A process gain for pH is described by the titration curve; a plot showing the pH that results from adding a given proportion of reagent. FIGS. 2 and 3 show the titration curves for two chemical "recipes" used to test the pH controller of the present invention. They show a wide range of behavior: recipe 1, for example (FIG. 2), shows a low gain around the pH=7 neutral point, but a much higher gain to either side of neutral; recipe 2 (FIG. 3) shows a gain at pH =7 that is so high that the graph looks vertical. The proper controller tuning depends on the titration curve, and depends on where the setpoint falls on the curve. Given the process titration curve, a gain schedule can be derived that gives good control results with a PI controller, and the gain scheduled PI controller is now an industry standard. But the gain schedule is only as good as the titration curve it is based on, and for many applications, especially waste water neutralization, the process curve may change greatly.
The adaptive controller gathers process data to estimate a new process model for the controller gain schedule. The structure looks like this:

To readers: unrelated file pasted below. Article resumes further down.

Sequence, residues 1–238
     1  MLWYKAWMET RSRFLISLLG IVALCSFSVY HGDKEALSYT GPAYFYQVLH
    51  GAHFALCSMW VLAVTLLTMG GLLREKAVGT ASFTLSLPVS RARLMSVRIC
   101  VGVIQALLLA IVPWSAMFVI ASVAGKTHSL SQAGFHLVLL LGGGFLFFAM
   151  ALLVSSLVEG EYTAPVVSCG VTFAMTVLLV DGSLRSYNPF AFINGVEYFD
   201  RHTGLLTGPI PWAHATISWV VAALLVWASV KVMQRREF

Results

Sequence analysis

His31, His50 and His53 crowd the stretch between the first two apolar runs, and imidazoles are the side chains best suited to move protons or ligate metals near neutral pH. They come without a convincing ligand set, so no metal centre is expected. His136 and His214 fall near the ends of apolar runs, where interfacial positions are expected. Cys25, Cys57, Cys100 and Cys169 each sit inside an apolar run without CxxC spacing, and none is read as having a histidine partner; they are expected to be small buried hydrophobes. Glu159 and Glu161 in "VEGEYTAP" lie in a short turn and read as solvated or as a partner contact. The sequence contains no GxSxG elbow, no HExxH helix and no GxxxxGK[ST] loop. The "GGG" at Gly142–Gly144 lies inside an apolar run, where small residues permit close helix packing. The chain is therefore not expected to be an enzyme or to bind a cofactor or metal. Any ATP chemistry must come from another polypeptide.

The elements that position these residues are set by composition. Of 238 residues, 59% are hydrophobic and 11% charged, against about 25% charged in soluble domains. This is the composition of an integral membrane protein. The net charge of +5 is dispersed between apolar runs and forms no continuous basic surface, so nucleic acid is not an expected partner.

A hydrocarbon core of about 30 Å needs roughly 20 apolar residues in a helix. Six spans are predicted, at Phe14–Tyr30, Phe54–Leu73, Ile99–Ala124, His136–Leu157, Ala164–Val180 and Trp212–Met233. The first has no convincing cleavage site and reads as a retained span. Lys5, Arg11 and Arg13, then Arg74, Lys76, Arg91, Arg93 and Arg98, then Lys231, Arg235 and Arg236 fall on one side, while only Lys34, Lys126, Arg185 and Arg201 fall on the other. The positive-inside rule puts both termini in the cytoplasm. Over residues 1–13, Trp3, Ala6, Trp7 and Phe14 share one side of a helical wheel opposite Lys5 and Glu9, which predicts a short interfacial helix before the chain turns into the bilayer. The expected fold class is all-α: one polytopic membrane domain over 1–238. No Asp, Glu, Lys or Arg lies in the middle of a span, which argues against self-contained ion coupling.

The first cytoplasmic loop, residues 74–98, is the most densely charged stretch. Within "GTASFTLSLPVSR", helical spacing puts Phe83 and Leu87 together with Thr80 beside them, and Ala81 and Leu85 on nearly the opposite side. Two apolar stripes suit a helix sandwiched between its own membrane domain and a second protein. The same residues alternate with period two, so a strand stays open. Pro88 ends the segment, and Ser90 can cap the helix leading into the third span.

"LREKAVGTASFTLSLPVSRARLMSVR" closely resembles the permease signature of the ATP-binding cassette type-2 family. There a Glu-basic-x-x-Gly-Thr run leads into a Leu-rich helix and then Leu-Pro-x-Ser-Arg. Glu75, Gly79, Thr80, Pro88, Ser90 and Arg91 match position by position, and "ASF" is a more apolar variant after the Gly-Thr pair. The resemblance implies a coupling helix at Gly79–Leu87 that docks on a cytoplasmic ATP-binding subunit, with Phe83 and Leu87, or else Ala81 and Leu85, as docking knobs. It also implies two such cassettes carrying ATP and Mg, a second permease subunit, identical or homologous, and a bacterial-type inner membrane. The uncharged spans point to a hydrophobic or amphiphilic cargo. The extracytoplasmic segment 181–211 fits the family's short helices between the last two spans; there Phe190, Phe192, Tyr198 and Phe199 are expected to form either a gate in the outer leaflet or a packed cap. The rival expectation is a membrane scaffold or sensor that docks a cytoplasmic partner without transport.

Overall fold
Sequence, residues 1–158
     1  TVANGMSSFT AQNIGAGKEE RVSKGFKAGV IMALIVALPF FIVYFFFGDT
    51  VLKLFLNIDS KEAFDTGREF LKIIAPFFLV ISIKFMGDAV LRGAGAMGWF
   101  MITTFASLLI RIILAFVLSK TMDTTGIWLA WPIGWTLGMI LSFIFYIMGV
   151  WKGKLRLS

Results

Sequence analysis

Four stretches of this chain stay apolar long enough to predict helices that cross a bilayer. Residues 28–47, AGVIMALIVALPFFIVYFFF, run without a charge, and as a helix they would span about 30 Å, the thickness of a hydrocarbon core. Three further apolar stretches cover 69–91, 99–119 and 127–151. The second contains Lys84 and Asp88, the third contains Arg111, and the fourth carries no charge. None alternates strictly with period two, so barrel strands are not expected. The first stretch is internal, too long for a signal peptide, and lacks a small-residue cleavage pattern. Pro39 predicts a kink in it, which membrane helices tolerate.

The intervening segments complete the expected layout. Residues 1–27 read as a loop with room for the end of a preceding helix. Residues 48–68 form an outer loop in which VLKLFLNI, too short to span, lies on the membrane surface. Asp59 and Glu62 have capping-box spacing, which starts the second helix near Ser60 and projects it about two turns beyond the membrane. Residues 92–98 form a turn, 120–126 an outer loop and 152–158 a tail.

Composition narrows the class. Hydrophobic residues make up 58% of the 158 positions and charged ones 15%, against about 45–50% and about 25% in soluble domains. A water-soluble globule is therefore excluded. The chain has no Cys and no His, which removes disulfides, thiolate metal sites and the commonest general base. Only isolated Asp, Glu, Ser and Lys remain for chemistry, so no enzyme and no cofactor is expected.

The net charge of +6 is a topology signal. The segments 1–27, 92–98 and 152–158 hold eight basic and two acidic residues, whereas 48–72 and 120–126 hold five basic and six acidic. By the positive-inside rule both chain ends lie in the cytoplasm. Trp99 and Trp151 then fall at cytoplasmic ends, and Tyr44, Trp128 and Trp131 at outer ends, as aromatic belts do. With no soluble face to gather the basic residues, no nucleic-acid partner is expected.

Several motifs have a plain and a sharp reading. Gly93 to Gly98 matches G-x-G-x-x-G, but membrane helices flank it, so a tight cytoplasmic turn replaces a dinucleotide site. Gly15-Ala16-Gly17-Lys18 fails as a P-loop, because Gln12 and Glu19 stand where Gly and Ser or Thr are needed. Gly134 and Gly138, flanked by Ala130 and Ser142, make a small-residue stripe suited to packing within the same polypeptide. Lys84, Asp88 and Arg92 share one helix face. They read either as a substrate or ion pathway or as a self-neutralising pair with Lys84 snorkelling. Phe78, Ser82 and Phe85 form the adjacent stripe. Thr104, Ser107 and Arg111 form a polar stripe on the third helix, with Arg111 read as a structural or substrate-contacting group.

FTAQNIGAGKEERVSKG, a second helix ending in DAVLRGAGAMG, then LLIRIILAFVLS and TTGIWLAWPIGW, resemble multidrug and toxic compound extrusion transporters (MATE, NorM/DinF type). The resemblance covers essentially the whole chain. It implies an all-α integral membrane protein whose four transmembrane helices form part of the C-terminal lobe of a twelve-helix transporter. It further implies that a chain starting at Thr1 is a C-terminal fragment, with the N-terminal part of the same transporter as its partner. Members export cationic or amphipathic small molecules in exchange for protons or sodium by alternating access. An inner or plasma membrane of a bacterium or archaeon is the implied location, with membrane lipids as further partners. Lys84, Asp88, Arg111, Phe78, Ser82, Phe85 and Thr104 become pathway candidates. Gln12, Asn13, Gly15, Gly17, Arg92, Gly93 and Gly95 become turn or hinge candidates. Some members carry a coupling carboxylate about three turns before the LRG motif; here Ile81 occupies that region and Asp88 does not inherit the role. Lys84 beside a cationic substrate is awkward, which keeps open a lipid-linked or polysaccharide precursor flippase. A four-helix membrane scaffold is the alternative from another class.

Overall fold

DATA GATHERING→MODEL ESTIMATION→GAIN SCHEDULE→PI CONTROL
The gain scheduling and PI control portions are separate from the adaptive portion. They control based on the process titration curve. For applications where the process composition is fairly constant, in chemical production for example, the titration curve may be determined offline, and only the gain schedule and PI control portions implemented online. For applications such as waste water neutralization, the process will change from hour to hour and day to day, and the data gathering and model estimation sections are needed to provide the gain scheduler with an up-to-date process model.
Converting a titration curve into a gain schedule is straightforward. Two points are found on the curve: the current operating point, and the setpoint. The points are connected to find the slope, and that is the process gain. Invert the process gain and the desired controller gain results. The mistake to avoid is taking the slope of the curve at the current operating point, which is an attempt to linearize the process. Unless the operating point is very close to the setpoint, the linearization gives a very poor match.